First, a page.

By Edward Tsumele
With no doubt Protest Theatre played an important role in the fight for freedom in this country during apartheid, and some will argue that even in a democratic South Africa it still has a role to play as inequalities have not been banished and in fact in some cases even more defined. This is because the transformation of society, especially the economy has not happened to the scale that was envisaged, and the poor continue to struggle, service delivery still a challenge, even though the government has in the past 26 years closed some gaps that were so glaring during apartheid such as in education, providing clean water and electricity to households, and the number of the un employed is currently uncomfortably high. The arrival of the coronavirus pandemic is bound to worsen the economic situation and threatens to leave many unemployed people in its wake and path of social and economic destruction with a potential to cause social strife and instability.
One and the productions that became a notable theatrical voice during the struggle is Sizwe Banzi is Dead written by Athol Fugard, John Kani and the late Winston Ntshona, and the production then resonated with especially black people who were excluded from job opportunities in especially urban areas. Of course South Africa of today is a democracy and its constitution guarantees human dignity and disallows discrimination of any grounds, but that does not mean that the challenges of ordinary people in communities have vanished altogether with the advent of democracy.
Many productions of this play have been put together over the years, including the 2006 version directed by Aubrey Sekhabi, who is currently the artistic director of the State Theatre in Pretoria. Let us revisit this 2006 production which starred none other than the doyennes of South African theatre John Kani and Winston Ntshona in celebration of Heritage Month.
The 2006 production of Sizwe Banzi is Dead performed to critical acclaim at the Market Theatre after its successful performance at the National Arts Festival in Makhanda (formerly Grahamstown) in the same year.
Sizwe Banzi is Dead, started its national tour to great acclaim at 2006’s Grahamstown National Arts Festival, and came to the Market Theatre’s main stage for a limited season only.
With characteristic humour, Sizwe Banzi is Dead tells the story of Sizwe Banzi (Winston Ntshona), a rural black worker who leaves his home in King William’s Town to seek employment in Port Elizabeth. He is ordered to leave the district because his pass is not in order. With his friend Buntu (John Kani), he comes across a dead man with a valid pass. Desperate, they steal his pass and forge his photograph. Sizwe assumes the dead man’s identity so that he can remain in the city to provide for his wife and four children.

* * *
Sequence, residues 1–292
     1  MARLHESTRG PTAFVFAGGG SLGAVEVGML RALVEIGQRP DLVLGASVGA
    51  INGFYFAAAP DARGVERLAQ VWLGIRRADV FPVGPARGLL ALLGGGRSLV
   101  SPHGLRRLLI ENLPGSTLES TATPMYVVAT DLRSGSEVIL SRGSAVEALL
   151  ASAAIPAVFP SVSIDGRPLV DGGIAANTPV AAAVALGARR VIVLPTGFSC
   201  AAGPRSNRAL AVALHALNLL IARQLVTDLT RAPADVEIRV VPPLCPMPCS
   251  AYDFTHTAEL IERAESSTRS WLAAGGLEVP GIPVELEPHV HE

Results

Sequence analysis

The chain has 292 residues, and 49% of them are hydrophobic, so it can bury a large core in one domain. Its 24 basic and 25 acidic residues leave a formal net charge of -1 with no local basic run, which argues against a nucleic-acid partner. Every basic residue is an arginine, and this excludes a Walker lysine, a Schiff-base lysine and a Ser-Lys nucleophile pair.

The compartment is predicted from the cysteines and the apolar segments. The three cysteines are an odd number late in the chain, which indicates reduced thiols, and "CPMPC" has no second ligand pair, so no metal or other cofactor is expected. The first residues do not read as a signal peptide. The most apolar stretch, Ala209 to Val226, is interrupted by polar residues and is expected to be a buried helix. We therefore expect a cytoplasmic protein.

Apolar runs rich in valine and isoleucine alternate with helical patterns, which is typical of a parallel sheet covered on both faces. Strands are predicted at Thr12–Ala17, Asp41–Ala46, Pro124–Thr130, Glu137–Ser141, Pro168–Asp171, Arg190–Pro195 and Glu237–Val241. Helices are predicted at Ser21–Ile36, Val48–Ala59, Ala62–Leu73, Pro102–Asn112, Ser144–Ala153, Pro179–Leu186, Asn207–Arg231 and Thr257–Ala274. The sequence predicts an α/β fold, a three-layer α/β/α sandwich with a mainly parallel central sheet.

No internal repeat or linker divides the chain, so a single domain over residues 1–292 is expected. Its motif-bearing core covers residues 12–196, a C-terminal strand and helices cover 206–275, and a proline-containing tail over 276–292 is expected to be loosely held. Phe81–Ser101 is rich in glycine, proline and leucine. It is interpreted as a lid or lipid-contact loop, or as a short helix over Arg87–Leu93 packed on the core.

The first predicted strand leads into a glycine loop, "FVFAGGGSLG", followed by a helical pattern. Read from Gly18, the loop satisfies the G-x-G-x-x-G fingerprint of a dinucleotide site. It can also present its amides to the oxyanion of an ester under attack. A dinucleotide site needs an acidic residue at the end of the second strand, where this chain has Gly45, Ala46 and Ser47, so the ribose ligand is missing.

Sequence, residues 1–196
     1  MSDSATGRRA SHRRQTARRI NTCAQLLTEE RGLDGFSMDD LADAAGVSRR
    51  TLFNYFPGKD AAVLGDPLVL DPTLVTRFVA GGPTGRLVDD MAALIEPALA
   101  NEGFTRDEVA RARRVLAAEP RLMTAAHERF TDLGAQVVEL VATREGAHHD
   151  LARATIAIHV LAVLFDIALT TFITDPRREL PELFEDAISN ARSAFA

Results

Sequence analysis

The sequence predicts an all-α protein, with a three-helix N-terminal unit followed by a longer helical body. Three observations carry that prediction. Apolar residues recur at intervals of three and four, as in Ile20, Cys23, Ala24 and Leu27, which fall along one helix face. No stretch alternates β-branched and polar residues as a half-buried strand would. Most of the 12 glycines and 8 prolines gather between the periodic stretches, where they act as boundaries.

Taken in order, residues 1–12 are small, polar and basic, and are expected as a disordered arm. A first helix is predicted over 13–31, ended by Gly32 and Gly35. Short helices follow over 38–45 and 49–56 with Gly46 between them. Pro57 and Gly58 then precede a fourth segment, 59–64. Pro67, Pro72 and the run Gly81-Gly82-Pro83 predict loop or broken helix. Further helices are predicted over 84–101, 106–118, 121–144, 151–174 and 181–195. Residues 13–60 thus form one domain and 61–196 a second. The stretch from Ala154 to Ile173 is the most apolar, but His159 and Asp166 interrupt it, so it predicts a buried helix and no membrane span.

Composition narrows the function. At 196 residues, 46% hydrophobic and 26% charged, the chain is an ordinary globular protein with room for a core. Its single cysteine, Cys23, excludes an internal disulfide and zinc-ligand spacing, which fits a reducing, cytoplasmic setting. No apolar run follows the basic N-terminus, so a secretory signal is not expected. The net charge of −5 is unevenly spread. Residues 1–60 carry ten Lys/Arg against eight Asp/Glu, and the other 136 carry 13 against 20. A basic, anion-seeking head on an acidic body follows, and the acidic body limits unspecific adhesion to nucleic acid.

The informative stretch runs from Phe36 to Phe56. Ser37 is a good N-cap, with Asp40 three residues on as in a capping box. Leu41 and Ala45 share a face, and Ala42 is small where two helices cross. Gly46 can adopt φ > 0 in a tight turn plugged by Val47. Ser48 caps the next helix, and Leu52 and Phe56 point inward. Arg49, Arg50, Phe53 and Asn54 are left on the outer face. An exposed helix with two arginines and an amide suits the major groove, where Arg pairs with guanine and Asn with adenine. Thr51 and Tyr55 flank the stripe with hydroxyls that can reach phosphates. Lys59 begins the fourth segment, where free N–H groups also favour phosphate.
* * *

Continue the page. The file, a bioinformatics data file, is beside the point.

Although the work is set in apartheid South Africa, its exploration of the theme of identity remains just as relevant 26 years into our democracy. While calling for political change, it also makes its audience aware that new and better political systems ultimately depend on a change of heart for all involved.
Sizwe Banzi Is Dead was included in a publication of the Best Ten Plays on Broadway as well as one on the Masterpieces of the Twentieth Century. It was also rated 59th on the Royal National Theatre’s list of most significant plays of the twentieth century, equal with TS Eliot’s Murder In the Cathedral.
The original 1975 Tony Award-winning duo, Kani and Ntshona, performed this classic tale in 2006 for the first time since it was produced decades ago. Sekhabi directed this internationally celebrated production which offered the audience a unique and historic theatre experience:
Full Credits for the 2006 Sizwe Banzi is Dead
Conceived by Athol Fugard, John Kani, Winston Ntshona
Directed by Aubrey Sekhabi
Lighting Design by Mannie Manim
Stage Manager Winnie Setimo
Cast Members John Kani and Winston Ntshona
Season 28 Sept – 29 Oct 2006
Performances Times Tue – Sat 20h15
Sun – 15h15
Venue Main Theatre
CITYLIFE/ ARTS Disclaimer: This article only refers to the 2006 production of Sizwe Banzi is Dead and no current show is on at the moment, and we are only publishing this article in the context of Heritage Month and the Protest Theatre legacy championed mainly by the Market Theatre during the dark years of the struggle for freedom.